The thing is there are a lot of bad writers out there. I might be one of them. That doesn't stop me from loving writing. I hope I can still say that after I start really showing off my writing.
People braver than me have shown off their writing. A few have even shown their writing to me.
I remember this one guy who I barely even knew read me his WIP. Some of the kids next to us were making fun of him and his story, but he still kept on reading.
I don't know if he ever finished writing his WIP, but I hope so. It takes a real love for something to keep doing it after people you know don't like it. Reading reviews online are from strangers, but people you know? That's personal and take lots of love.
People are mean. Not everyone is going to under stand the tiny pieces of ourselves we share in our writing, but in a passion that requires sharing pieces of yourself to your readers, criticism hurts. It's not just your writing they are criticizing but the tiny pieces of you that you included in every word.
So next time you are reading a book, looking at a painting, listening to a song, watching a movie, etc, please remember someone gave a piece of themselves into that work of art. Everything in this world is a work of art. It's time we start appreciating it instead of trying to tear the world down.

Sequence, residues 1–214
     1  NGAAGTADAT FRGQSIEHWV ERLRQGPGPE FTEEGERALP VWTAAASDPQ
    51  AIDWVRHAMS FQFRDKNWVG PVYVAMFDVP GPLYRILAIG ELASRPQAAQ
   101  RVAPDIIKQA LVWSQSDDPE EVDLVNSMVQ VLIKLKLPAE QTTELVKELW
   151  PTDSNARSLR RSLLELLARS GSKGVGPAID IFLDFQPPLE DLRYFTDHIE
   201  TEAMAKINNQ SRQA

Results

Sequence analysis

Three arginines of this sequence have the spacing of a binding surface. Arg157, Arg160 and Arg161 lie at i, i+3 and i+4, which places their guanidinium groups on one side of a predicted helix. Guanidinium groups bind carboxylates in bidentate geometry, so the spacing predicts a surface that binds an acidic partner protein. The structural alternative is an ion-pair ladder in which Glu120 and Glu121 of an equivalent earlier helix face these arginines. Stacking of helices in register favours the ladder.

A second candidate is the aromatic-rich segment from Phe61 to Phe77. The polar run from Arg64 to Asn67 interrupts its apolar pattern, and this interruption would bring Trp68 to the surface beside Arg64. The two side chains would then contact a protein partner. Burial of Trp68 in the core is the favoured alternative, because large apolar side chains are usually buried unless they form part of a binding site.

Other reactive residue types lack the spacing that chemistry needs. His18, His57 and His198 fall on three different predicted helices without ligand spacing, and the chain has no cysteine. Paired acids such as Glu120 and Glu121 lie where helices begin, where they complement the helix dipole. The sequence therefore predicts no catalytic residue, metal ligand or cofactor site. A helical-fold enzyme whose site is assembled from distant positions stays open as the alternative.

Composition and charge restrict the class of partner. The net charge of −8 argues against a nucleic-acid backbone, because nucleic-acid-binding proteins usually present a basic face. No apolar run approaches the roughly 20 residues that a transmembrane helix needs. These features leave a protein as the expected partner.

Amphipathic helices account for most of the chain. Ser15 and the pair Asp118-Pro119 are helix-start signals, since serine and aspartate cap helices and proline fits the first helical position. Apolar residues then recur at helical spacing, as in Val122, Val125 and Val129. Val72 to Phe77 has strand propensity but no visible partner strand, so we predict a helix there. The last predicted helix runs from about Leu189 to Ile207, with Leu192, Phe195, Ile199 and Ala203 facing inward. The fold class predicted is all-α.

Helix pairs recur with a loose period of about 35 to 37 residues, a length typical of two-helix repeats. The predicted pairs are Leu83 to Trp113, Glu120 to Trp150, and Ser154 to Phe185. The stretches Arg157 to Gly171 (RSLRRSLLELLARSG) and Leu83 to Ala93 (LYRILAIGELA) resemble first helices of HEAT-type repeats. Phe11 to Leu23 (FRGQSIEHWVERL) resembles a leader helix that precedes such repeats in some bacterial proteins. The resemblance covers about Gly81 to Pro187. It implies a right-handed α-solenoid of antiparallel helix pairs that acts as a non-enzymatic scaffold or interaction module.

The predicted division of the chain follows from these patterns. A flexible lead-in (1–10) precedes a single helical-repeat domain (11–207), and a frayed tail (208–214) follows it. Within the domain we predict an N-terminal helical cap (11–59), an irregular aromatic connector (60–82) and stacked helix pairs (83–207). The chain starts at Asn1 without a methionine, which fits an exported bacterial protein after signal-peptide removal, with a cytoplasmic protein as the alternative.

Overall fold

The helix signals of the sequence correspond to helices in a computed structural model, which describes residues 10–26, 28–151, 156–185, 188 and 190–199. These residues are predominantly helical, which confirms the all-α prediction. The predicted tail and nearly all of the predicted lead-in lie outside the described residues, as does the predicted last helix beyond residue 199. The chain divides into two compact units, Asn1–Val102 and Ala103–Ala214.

I know it's easy to read a book and wonder how that garbage could possibly been published when your  story isn't, but someone shared a piece of themselves with you. Appreciate that if not for the actual book.
Honesty is great, but there is a line between helpful honesty (constructive criticism) and saying something that can destroy the other pieces of a person.
I know I'm not the best writer, but I'm trying. Everyone is trying. Please don't make them quit.
It's a new year. I hope I can be more supportive to other writers and people in general. As always, if y'all need someone to talk to, I'm here.
Like I said, I'm not the best writer, but I just shared a piece of me. I hope y'all understand it.

Tuesday, January 1, 2013

Tuesday is BACK (sort of)

Hello all! I'M BACK. And not just back to YA Lit Six, but back from Melbourne, Australia, where I was the last month. I will post more about my experiences later, but for now I wanted to wish everyone a happy New Year!